Project Spanish Colonial Restoration
Design Architect Fairfax & Sammons
When this restored Mediterranean Revival style dwelling in one of Palm Beach’s earliest neighborhoods was granted landmark status in 2017, local preservation consultant Emily Stillings observed that it was “a great example of a house being returned to its grandeur with new owners.” A year later the house, designed in 1928 by architects John Volk and Gustav Maass, received the Preservation Foundation of Palm Beach’s Polly Earl Award, which recognizes renovation-and-restoration projects at smaller-scale properties of historical significance. The project was designed by architectural firm Fairfax & Sammons of Palm Beach and New York City.
“The owners had a personal style they wanted to express,” says firm principal Richard Sammons, “which was to keep the architecture as pure as possible and then be creative with the furnishings.” Both of the owners, who have since sold the house, are veteran retail and design executives, world travelers and enthusiastic art and objet collectors who were keenly engaged in the renovation process. “The attempt was to design freely within the language and spirit of the original house,” elaborates project architect Kimberly Clemente, “so that the complete product would be authentic and true to character.”
Compared to leading Palm Beach society architect Addison Mizner’s grand estates and even some of Volk’s own projects (mansions in the city for such clients as Vanderbilt, DuPont, Ford, Dodge, and Pulitzer), this house is modestly sized—5,000 square feet of living space, inside and out—and in a neighborhood where, says Sammons, “you’ll find bungalows mixed in with early-Spanish and Mediterranean-ish houses, but not the estates that Mizner was doing.”
What the house lacks in size it makes up for with a masterful combination of original, repurposed, and new elements. Clad in mottled pink stucco on its original balloon frame, the house cuts a handsome figure with commanding wooden front doors and a heraldic shield carved into a cast-stone frontispiece, all original. Other exterior features left unchanged include a barrel clay-tile roof and simple sash windows. Stepping into the brick-floored entryway, the main staircase—from its colorful glazed tiles to wrought iron railings and stone columns—is all authentic, as is the pecky-cypress woodwork on interior doors. Elsewhere in the house, architectural components were salvaged and reused, such as ceiling brackets in the living room and a frieze and modillions in the dining room.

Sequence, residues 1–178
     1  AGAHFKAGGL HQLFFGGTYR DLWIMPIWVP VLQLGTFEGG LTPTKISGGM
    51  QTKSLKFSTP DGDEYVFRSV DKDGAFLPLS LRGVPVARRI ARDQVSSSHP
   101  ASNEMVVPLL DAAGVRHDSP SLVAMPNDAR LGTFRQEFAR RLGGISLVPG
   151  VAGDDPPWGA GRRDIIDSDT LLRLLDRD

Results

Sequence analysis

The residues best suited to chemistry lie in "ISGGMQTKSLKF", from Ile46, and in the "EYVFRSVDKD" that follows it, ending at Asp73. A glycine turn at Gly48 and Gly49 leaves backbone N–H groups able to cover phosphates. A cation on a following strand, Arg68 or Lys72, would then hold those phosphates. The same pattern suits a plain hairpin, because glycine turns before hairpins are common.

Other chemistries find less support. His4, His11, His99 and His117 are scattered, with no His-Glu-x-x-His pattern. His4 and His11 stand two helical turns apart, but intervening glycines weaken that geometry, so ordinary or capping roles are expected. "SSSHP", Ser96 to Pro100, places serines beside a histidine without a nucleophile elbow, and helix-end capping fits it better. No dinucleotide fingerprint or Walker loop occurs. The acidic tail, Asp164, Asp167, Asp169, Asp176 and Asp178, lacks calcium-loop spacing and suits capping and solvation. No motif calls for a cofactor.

Knit together, these traditional elements provided a backdrop for respectful renovations, much of which were intended to augment the house’s modern-day comfort factor. “The big moves were opening up the living room completely and adding a rear second-story loggia overlooking the pool,” says Sammons. In order to more effectively marry the indoors and outdoors, the number of arched French doors on the living room’s south side was increased from three to seven. New but based on an original design with added lunette-style transom windows, they open out onto a pre-existing pool loggia where new green tile was laid in a chevron pattern. Sunlight streams in and, with the doors open, the inner courtyard becomes a natural extension of the living room. Renovations to the landscape and the pool were designed by Palm Beach-based Nievera Williams Design.
Above the loggia’s archways, an enclosed sleeping porch on the second floor was reopened to the elements, creating a shaded veranda overlooking the pool off of the master bedroom. In the second-floor loggia, new decorative chamfers and capitals were added to the existing wood posts and a new handrail with turned wood balusters contributes to the Spanish character of the original house. Beneath a new pergola on the east side of the courtyard, a new single-arch steel and glass casement door leads from the pool area to the family room, its large size allowing much more sunlight into the room than before.
The only part of the house to undergo a total renovation was the kitchen, starting by opening it up to the dining room with a figured arch that matches existing openings in the house. An archivolt was painted on this door opening as well as on others throughout the house. Another transformational step taken in the kitchen was lowering the floor by a foot in order to maximize the height of the new ceiling made up of antique brick vaulting between steel beams. The kitchen’s cypress cabinet doors have applied mouldings in octagonal, diamond, and star shaped geometric patterns that mimic the patterns and details on some of the existing cypress doors of the house. Above the three-inch-thick, solid reclaimed stone countertop, brackets supporting the open shelves were designed to closely match the profile of exposed rafter tails at the second-floor eaves. New steel casement windows were also added to the kitchen. For outdoor entertaining, there’s a new fireplace on the north side of the pergola as well as a new pizza oven with playful Spanish details.
In the end, Fairfax & Sammons achieved the homeowners’ goal of preservation coupled with respectful creation of new in character with the old, all done, says project architect Clemente, “in a distinct but appropriate way.”